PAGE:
The banking union, implemented at the end of 2014 in response to the financial crisis, is still awaiting completion as no agreement has been reached so far on a European Deposit Guarantee Fund. The debate on this issue has polarised the different European countries into two main blocks, which have been called risk sharing and risk reduction. Proponents of risk sharing argue that a European financial system based on a single currency requires a unified deposit guarantee fund for all banks in the eurozone that serves as a common safeguard and avoids national biases. For their part, proponents of risk reduction argue that before talking about risk sharing, risks need to be reduced, especially in those countries that were hardest hit by the crisis.
One of the main concerns in this process of risk reduction focuses on non-performing loans (NPLs), which in the wake of the financial crisis soared to high levels in many financial institutions, and which show significant heterogeneity between countries. Thus, the European Commission and the ECB announced specific measures to reduce non-performing assets, which entail the imposition of a very burdensome provisioning schedule for new NPLs that are generated, as well as an ad hoc supervisory plan to reduce the stock of these assets in the medium term.
Apart from the doubts generated in entities by the coexistence of two parallel proposals for the treatment of NPLs by the EC and the ECB, which do not coincide in their scope or in the timetable for their implementation, and the fact that to a certain extent this approach represents a step backwards in the process of implementing internal models for the calculation of provisions derived from the new accounting standards (IFRS 9), these measures have been accepted by European institutions, and in particular by Spanish institutions, as necessary to standardise the treatment of NPLs across countries. As a result, the process of selling non-performing portfolios that was already underway has been given an additional boost in recent months, leading to a sharp reduction in doubtful assets. In this context, Spanish entities have been outstanding performers at European level. So far in 2018, the amount of ongoing operations to sell non-performing loan portfolios exceeds €27 billion in nominal terms, and in 2017 the figure was even higher, accounting for around 50 per cent of the European total.
The actions undertaken by domestic banks have led to a significant reduction in the doubtful assets ratio of the Spanish financial system, from 5.6% in December 2016 to 4.4% in December 2017 at the consolidated level, according to data from the Bank of Spain's Financial Stability Report. By way of contrast, the average for major European banks stood at 3.9% in the first quarter of 2018, and the European Banking Authority has set 5% as the threshold above which it considers that specific measures need to be taken to reduce risk. These data show that the trend is very positive and will allow convergence with the European mean within a short period of time.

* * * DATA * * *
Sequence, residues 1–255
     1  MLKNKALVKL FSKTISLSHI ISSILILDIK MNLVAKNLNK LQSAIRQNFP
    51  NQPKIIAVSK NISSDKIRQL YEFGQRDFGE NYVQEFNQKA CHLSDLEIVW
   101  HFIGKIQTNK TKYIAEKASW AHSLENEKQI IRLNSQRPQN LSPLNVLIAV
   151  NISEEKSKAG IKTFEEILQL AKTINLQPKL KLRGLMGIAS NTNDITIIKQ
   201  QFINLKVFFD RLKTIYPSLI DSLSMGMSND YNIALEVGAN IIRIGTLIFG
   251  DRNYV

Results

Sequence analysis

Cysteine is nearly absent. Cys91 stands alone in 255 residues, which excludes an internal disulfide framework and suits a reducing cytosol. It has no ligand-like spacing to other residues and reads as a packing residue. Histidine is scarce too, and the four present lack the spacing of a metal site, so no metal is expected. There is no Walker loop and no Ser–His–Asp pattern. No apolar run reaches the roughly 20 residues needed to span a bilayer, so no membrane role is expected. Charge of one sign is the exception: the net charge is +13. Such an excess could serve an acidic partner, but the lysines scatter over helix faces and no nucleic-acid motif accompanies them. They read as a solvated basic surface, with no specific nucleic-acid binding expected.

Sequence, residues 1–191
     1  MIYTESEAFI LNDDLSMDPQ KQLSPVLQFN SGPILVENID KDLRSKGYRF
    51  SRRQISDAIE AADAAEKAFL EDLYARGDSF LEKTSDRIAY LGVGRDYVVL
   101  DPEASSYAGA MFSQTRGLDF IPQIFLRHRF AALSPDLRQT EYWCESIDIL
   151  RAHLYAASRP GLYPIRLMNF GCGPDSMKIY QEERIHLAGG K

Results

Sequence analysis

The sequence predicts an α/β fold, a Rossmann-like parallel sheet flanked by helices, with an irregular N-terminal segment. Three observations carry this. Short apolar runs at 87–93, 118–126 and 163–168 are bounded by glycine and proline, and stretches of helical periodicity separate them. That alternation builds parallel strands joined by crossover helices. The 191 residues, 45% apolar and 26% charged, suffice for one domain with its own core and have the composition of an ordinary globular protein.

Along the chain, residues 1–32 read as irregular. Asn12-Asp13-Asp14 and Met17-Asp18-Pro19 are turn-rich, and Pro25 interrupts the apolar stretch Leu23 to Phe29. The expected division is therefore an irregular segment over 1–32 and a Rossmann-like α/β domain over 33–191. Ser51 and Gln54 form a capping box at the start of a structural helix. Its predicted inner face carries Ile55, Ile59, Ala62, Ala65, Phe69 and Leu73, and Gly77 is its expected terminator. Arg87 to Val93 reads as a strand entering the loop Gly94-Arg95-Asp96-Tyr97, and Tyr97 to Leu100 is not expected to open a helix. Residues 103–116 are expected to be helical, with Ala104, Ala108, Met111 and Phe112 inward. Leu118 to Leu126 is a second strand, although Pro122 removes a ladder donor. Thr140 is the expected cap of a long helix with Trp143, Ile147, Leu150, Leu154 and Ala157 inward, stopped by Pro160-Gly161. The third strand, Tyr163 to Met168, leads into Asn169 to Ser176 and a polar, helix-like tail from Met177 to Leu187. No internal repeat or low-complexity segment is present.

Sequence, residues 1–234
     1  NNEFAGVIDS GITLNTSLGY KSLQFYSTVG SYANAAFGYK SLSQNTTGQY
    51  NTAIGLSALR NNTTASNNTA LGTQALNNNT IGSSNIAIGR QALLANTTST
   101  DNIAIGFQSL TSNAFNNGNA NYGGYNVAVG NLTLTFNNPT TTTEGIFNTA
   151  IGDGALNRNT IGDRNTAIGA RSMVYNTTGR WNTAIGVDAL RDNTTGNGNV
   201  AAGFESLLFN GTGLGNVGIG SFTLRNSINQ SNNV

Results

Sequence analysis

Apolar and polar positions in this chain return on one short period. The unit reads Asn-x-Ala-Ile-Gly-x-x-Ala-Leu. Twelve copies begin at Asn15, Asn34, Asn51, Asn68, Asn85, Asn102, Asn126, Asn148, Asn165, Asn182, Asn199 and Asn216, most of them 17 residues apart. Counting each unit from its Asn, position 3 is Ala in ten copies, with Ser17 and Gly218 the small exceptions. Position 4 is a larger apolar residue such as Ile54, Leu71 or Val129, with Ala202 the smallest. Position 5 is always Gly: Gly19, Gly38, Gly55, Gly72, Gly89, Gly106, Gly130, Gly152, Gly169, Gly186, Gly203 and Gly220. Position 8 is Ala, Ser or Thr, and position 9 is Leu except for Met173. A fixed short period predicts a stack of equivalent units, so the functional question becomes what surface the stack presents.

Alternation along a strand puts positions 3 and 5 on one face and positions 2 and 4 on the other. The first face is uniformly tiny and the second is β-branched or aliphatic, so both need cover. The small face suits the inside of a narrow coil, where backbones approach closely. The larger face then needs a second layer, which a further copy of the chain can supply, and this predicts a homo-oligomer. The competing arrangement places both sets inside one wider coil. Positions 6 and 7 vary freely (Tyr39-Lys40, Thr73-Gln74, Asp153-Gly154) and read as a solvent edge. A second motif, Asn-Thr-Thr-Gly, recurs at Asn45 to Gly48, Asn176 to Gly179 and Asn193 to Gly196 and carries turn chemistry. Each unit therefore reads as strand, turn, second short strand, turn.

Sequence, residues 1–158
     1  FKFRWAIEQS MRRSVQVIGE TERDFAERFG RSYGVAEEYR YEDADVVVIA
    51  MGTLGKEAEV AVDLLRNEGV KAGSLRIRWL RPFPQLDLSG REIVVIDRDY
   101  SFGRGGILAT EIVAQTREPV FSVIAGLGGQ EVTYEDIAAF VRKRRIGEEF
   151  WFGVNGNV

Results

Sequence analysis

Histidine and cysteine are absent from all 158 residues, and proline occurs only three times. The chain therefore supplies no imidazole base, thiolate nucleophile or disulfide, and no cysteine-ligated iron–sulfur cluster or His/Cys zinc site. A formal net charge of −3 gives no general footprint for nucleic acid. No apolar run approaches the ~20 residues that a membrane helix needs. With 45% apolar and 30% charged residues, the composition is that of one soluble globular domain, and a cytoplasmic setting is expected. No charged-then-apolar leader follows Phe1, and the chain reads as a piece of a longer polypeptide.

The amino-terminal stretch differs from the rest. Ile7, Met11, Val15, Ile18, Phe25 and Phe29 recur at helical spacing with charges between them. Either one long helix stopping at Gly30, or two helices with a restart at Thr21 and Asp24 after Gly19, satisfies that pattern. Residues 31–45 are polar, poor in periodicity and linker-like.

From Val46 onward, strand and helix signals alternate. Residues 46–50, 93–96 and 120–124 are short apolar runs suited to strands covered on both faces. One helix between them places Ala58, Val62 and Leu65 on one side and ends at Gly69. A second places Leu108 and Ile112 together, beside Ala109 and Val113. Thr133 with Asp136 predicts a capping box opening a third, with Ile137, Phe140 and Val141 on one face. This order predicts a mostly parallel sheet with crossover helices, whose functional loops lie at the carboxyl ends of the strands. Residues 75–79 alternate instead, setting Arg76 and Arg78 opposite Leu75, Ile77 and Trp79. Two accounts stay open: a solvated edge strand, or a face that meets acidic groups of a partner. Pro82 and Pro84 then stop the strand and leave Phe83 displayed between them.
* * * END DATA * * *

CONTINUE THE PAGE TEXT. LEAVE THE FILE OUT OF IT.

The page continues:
However, despite these regulatory efforts to homogenise risk levels at the European level and those being implemented by the institutions themselves, the reality is that the European Deposit Guarantee Fund project (the main warhorse of the proponents of risk sharing, which includes Spain) remains stalled. This despite the fact that the European Commission, in an attempt to reconcile positions, reduced its scope in its latest proposal, putting aside full mutualisation, and opting for a reinsurance model combined with a possible mandatory lending scheme between the different national funds.
We therefore believe that the time has come to decisively tackle the completion of the banking union project, with the approval of the regulation of the third pillar. It is clear that this process will take years to complete, and it is reasonable to link it to the risk reduction process, so that when the different national funds are finally integrated, the different countries will start in a situation that is as homogeneous as possible. But this is no excuse for delaying the start of the process, which would also send a very positive signal to the markets and would be a decisive step towards building the European financial market.